“If I am cooking chicken, I do a Chinese style, marinated in ginger, garlic, soy and rice wine. I like it because you get a little buzz,” Ngoon said. “But rice on the grill, it doesn’t work so good.”

All joking aside, for his family Ngoon likes to cook the entire meal on the grill. Side dishes can include corn on the cob, left in husks that have been soaked in water and wrapped in foil or grilled, sliced potatoes that have been simply seasoned.

“With grilling, timing is everything,” Ngoon said. “There is nothing that you can’t cook on the grill.”

Constantine Brianas, one of the owners of the Black Orchid Grille in Nashua, takes the simple route, but with exotic ingredients.

When grilling at home, if it is not a juicy plank steak, then he opts for wild black cod or Chilean sea bass.

Brianas serves the cod or sea bass with a skewer of teriyaki marinated jumbo scallops and shrimp.

“The entire meal is fabulous, and so quick,” he said.

Brianas said that the key to cooking seafood on the grill is preparation.

KC’s Rib Shack in Manchester has an alpha male approach to barbecue as propagated by owner Kevin Cornish. It is easy to picture Cornish slapping a huge rib eye proudly on the grill and standing back to admire his work. Not so.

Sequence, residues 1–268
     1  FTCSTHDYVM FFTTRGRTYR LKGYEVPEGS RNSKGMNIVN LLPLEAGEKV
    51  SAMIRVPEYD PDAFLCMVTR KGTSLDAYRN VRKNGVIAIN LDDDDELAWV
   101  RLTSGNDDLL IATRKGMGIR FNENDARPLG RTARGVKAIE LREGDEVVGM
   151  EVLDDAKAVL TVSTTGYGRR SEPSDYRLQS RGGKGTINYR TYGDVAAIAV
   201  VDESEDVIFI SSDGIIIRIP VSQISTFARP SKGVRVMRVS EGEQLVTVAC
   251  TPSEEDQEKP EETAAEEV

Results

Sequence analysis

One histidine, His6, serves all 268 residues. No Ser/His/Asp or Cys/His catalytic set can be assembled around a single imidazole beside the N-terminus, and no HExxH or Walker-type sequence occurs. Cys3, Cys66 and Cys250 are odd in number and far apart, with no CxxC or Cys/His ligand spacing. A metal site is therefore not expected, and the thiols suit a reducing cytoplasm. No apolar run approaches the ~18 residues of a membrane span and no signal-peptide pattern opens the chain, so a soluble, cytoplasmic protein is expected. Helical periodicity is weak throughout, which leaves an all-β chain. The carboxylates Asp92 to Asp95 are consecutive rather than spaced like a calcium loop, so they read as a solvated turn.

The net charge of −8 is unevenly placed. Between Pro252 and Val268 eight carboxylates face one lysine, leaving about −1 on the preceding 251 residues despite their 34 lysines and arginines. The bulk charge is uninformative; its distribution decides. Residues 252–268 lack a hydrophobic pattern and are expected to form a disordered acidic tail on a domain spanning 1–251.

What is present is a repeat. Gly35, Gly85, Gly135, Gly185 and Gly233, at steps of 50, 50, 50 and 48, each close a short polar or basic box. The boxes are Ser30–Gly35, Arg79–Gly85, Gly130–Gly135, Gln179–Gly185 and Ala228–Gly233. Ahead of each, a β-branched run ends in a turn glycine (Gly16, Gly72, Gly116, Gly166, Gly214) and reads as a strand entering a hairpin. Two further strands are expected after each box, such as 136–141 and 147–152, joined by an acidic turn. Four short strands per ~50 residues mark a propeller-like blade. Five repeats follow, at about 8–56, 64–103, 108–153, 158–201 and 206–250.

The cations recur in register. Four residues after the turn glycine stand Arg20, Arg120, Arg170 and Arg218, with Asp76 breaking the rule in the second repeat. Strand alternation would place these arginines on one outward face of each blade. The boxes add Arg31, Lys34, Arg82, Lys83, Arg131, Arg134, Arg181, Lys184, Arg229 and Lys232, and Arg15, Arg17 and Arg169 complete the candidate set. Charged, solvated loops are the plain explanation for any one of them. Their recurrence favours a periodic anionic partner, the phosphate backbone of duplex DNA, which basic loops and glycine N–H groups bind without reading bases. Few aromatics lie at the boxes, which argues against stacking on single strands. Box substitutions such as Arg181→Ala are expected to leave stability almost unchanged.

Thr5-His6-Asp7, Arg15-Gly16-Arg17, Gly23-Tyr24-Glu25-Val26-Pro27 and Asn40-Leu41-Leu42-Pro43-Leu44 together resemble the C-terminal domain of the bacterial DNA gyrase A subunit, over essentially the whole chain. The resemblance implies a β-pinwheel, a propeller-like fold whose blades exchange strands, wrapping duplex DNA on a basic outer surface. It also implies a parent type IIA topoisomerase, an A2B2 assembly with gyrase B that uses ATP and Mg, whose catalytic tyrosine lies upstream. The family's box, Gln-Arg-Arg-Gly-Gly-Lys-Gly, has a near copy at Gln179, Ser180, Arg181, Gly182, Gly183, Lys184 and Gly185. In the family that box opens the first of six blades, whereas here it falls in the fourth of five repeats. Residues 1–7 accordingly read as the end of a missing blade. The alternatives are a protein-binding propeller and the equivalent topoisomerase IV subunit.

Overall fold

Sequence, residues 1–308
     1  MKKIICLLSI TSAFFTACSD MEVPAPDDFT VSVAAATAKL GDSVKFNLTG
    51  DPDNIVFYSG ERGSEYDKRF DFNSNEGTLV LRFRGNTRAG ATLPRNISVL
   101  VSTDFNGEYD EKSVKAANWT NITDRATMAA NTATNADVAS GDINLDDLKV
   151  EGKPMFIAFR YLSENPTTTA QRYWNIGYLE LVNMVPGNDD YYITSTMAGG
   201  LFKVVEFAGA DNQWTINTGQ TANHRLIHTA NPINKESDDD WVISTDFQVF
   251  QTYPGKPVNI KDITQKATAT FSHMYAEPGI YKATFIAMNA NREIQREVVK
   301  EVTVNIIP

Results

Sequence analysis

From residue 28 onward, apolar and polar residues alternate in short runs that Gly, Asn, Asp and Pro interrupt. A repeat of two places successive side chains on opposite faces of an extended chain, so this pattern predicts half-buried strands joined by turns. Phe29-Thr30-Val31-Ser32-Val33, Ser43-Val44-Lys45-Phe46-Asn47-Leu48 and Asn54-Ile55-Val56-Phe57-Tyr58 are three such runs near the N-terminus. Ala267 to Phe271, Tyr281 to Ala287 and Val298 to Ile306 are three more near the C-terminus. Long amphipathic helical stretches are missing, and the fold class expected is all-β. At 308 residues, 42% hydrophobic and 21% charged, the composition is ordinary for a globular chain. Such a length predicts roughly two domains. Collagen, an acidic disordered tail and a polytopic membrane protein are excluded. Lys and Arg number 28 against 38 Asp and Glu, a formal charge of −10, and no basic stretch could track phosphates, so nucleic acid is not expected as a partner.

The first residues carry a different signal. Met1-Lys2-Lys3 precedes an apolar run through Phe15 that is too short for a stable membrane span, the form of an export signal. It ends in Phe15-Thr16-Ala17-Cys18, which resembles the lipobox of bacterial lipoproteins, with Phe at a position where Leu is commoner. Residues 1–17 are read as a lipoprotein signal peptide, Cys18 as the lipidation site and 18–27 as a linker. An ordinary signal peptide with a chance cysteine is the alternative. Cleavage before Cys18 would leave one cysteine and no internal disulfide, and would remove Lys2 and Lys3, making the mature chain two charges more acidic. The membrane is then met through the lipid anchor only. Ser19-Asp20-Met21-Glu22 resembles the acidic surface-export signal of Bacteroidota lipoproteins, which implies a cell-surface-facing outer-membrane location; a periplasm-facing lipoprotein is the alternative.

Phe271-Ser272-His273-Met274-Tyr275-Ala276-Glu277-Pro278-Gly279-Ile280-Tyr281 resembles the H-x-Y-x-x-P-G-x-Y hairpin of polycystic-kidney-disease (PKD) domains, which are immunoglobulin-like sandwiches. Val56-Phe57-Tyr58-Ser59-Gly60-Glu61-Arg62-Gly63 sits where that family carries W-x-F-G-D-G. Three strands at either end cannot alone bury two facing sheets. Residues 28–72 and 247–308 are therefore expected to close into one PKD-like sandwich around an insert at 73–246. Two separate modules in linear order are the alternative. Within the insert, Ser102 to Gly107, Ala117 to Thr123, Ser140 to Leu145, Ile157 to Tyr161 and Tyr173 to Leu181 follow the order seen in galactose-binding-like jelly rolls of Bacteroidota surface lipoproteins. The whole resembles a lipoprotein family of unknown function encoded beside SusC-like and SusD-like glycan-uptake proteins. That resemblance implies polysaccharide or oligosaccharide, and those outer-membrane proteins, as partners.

Cornish just spent three nights camping on the Kancamangus Highway and did all the cooking on raw hardwood and coals. Maybe there was the occasional rib eye reminiscent of the Flintstones, but mostly Cornish cooked up fruits and vegetables.

“Lots of people just cook the meat of a meal on the grill. I am cooking 360 degrees of the meal — all of it,” he said.

“My philosophy has basically been just throw it on the grill and see what happens,” he said.

While camping, Cornish sliced up asparagus, green beans, zucchini, summer squash and other vegetables and tossed them in a zip-lock bag with a secret marinade. The vegetables were tossed about in the bag for a couple of hours and then finally thrown on the grill.

“We all just sat around the camp gushing about the vegetables. Wow, they were delicious,” Corning said.



6/28/2007 Peanutty dinner delight

6/21/2007 Spicy meat, grilled meat and saucy meat
6/14/2007 Holy Barbecue
6/07/2007 A wine for Red Sox
5/31/2007 Pinot noir romance
5/24/2007 Josh Logan eats (not before shows)
5/17/2007 Baklava, spanakopita and souvlaki — a.k.a. dinner
5/10/2007 Cremeland celebrates 60 years of burgers and shakes
5/3/2007 New eats in bloom
4/26/2007 Pho sure